While looking for a short story I wrote last summer, I came across this very old beginning to a book that was never born. I probably wrote this shortly after I picked up my pen in 1991. Since no one had signed up for today...I beg your indulgence for my attempt at high fantasy: No Title.


Ebienne slung his bow over his shoulder and let his horse amble back along the path to the castle. He had ridden much farther afield than he'd planned, and darkness would surely catch him far from home.
Home. The word echoed hollowly in his heart. He couldn't remember when he'd stopped thinking of the castle as home. Couldn't explain why he felt a stranger amongst the people who were the only family he'd ever known. In the distance, he glimpsed a spire jutting above the tree line. He felt lonely as sin, yet reluctant for company.

That morning in the kitchen, he'd learned of the Prince's planned visit. He had taken his bow and ridden into the forest. Today, he was in no mood for an encounter with Lew who always found some chink in Ebienne's armor through which to ram a demeaning remark. The Prince irritated him far more now than he had when they were children. And their rivalry had matured as the two boys--one dark, one fair--grew to manhood.
Though Ebienne had seen a young buck, and his Elven arrows never missed their mark, he hadn't unslung his bow. After visiting the old god's shrine and sprinkling wine from his skein on the tumble-down altar, he'd ridden by the stream until he came to a place shaded by enormous oaks. Peace lay over the spot like the early morning mist. Taking his book from the saddlebags, he sat by the swift, cold creek. Hours passed while water gurgled and the exiled Elf practiced the small magics he'd discovered buried in his soul. He made fire by looking at a stick, then put it out by levitating the stick into the stream. He moved his hands in the air and saw heat shimmers before him.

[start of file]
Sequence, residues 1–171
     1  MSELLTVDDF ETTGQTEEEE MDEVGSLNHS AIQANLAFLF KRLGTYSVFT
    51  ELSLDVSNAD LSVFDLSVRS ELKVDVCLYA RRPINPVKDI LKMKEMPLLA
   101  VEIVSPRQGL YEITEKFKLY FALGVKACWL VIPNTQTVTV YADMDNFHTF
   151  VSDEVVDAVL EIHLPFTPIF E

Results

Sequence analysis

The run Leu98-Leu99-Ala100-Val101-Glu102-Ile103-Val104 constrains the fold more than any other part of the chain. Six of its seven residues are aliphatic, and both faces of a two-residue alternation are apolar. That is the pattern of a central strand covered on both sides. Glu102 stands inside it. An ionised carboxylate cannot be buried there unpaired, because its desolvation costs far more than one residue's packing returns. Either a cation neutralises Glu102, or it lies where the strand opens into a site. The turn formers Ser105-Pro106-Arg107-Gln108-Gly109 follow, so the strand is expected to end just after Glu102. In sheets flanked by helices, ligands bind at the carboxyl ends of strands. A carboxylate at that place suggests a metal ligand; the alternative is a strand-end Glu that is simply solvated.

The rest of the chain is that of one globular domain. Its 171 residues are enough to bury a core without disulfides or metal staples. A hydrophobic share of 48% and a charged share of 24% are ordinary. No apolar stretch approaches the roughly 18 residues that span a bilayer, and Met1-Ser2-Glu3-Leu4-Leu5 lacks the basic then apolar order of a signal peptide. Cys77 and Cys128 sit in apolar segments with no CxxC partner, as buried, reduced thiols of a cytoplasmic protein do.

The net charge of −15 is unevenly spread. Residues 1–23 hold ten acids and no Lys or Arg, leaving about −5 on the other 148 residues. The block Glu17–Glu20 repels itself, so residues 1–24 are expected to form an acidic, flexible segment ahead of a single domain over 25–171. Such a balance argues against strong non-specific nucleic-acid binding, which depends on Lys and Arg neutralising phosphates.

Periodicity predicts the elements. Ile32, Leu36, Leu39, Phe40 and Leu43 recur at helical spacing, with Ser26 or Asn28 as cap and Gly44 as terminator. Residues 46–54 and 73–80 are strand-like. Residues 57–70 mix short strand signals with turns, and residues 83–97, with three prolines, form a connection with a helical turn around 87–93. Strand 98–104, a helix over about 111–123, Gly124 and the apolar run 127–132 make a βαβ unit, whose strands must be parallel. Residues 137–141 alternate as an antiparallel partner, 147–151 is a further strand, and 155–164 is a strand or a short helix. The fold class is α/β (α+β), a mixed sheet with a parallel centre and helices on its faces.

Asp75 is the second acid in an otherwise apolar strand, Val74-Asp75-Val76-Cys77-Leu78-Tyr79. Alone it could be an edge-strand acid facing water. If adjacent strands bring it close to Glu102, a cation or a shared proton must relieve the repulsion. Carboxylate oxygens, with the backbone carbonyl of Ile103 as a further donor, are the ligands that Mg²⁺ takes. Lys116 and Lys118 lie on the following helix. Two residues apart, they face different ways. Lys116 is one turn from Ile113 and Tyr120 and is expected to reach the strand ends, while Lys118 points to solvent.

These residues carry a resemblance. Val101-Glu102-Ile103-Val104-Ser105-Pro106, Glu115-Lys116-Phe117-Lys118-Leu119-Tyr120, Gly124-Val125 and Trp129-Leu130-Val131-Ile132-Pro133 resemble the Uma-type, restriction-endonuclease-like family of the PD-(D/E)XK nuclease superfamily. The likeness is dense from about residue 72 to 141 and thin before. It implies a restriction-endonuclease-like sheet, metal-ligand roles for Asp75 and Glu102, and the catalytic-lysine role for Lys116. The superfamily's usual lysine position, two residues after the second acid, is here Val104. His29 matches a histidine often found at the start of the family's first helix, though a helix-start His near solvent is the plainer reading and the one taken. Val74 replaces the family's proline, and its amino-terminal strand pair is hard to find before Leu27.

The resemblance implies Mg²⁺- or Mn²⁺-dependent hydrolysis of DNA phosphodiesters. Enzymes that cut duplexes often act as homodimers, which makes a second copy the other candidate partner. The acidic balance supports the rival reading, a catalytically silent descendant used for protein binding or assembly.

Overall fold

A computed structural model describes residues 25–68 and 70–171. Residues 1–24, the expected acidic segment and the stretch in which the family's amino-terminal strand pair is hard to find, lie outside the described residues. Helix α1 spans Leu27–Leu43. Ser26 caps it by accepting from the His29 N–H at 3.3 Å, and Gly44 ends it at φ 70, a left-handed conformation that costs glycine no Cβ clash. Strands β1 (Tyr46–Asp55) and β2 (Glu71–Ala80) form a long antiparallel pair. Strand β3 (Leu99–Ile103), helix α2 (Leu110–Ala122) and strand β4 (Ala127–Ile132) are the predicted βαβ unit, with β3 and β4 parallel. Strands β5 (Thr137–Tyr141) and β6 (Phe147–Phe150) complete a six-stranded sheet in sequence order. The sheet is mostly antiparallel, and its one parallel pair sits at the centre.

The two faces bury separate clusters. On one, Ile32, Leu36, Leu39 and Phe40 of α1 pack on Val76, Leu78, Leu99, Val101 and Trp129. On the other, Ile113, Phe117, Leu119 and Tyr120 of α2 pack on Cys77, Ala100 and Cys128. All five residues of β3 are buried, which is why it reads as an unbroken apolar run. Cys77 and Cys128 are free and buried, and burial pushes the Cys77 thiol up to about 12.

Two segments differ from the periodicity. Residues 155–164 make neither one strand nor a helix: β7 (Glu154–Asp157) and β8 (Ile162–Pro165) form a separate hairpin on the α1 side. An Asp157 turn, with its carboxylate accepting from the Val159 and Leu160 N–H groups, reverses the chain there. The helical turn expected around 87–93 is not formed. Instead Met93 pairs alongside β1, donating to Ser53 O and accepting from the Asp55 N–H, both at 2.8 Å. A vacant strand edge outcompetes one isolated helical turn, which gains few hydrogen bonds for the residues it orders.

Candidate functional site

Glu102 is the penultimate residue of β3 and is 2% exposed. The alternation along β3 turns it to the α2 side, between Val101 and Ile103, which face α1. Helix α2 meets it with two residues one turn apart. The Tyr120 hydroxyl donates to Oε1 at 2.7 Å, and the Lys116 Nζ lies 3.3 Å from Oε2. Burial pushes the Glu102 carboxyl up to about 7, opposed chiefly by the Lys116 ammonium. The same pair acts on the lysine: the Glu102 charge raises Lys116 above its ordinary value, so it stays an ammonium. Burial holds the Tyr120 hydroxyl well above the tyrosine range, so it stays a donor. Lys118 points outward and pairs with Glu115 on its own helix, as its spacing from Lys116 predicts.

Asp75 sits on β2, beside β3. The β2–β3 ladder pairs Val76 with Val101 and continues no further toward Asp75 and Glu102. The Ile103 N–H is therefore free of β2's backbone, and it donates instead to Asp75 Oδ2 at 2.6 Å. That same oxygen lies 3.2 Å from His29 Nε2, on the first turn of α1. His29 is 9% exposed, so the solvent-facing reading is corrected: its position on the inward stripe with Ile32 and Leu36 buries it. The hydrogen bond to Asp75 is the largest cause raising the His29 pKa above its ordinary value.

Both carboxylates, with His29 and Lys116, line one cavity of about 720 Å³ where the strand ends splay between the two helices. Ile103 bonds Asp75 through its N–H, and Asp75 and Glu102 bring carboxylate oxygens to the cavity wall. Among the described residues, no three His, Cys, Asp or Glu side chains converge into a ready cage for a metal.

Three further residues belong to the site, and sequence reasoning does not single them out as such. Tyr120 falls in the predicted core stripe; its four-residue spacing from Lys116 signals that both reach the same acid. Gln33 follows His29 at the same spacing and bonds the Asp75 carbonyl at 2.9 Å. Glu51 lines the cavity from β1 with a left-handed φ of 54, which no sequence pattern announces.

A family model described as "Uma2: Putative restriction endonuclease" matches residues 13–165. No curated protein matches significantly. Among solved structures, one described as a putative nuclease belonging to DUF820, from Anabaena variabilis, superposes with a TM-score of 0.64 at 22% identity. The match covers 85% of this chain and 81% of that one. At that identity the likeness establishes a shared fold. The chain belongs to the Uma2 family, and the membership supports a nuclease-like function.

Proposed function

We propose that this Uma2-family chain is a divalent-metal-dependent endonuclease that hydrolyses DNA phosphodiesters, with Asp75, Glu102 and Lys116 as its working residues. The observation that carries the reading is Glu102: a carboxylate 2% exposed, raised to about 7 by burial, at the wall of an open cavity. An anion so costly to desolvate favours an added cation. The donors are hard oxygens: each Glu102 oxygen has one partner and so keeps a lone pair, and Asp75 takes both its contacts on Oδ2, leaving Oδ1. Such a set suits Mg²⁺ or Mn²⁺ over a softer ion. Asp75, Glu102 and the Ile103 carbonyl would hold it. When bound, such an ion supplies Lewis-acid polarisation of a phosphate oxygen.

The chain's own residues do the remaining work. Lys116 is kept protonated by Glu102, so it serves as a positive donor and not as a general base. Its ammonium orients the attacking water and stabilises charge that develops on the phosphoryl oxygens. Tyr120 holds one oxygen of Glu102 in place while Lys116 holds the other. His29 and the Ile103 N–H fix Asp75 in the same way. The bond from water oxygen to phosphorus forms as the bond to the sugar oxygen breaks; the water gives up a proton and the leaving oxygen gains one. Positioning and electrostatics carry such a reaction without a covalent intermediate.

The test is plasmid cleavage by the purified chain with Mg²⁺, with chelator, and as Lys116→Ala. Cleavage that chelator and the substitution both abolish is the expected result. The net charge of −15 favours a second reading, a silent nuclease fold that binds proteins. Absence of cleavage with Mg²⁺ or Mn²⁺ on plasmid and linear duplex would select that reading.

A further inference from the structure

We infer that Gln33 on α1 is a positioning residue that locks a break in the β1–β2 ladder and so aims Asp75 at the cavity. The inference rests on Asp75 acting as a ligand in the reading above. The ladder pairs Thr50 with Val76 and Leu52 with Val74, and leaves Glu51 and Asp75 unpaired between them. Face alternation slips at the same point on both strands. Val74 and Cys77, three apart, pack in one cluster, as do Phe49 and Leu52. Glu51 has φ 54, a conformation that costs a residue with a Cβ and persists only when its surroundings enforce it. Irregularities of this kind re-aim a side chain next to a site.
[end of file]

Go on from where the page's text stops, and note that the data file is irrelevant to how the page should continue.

But he didn't know what the shimmers meant. They were a mystery like his past and his future. His memory of the days after coming to Knollwood was perfect, but it was as if the first six years of his life didn't exist. As if he'd been born that day Sir Henry had brought him to Knollwood, tucked away from the cold beneath the man's cloak.
Several times Lianne's face interrupted his concentration. A little angry that she could follow him even here to this haven where he truly felt at home, he banished the vision of a young woman with fair skin and hair the color of mahogany. Of late he'd noticed a subtle change in his feelings for Lianne. His chest burned when he remembered Prince Lewellyn kissing her hand. She'd laughed but hadn't taken her hand away. A merry glint in her green eyes proved that she enjoyed the attention.
Ebienne sighed. If not this year, perhaps next, he would go to The Vinings to study the magic he'd inherited in the Elven blood. From the delicate points of his ears to his long lean stature, it was obvious he was an Elf. And Lew never forgot to remind him that he was an Elf, and, therefore, inferior, his race subject to Man. Pure blood flowed in his veins, sometimes thudding with rebellion when Lew launched a particularly brutal attack, but he didn't know who his parents were or why he'd been fostered with the human.
Yes, soon he'd go to The Vinings to study the controlled magic that kept the humans safe from the Warlords to the North. Lianne would be someone's wife, mother someone's children. Lianne, his friend, the only person he'd truly loved, the only one who truly loved him. He ignored the familiar, dull ache.
He'd no right to think of her with such gentle warmth, with such misplaced longing. He was destined for The Vining's cloistered halls. Thoughts of love were folly indeed.
Stars peaked through the blue velvet curtain of the sky. The night was still, unmoving, magical. No insect song or call of bird disturbed the intensity that rested on him as heavy as the cloak slung over his shoulders.
Nimble as a cat, his horse lurched left, crashing into low brambles which tangled around his legs, brining the animal to a prancing halt. Wind whipped his hair across his face, blinding him for an instant. Trees bent, leaves torn from the tossing branches and the ground shook. Ebienne raked the hair back from his face and squinted at the glint of moonlight on iridescent wings then a giant shadow eclipsed the moon.

4 comments

  1. Mary Marvella // March 15, 2008 at 9:00 PM  

    Cool.
    Good writing, as usual!

  2. Nightingale // March 16, 2008 at 11:37 AM  

    It's very old. I think I have about 10 pages. I posted it on a lark. Don't you think it's telling not showing??

  3. Mary Marvella // March 16, 2008 at 2:46 PM  

    Like, who cares? It reads well and you can always layer in showing if you want to. Innocent readers don't know any better.

  4. Beth Trissel // March 18, 2008 at 2:12 PM  

    I liked it, Linda! Intriguing. Different. Write on!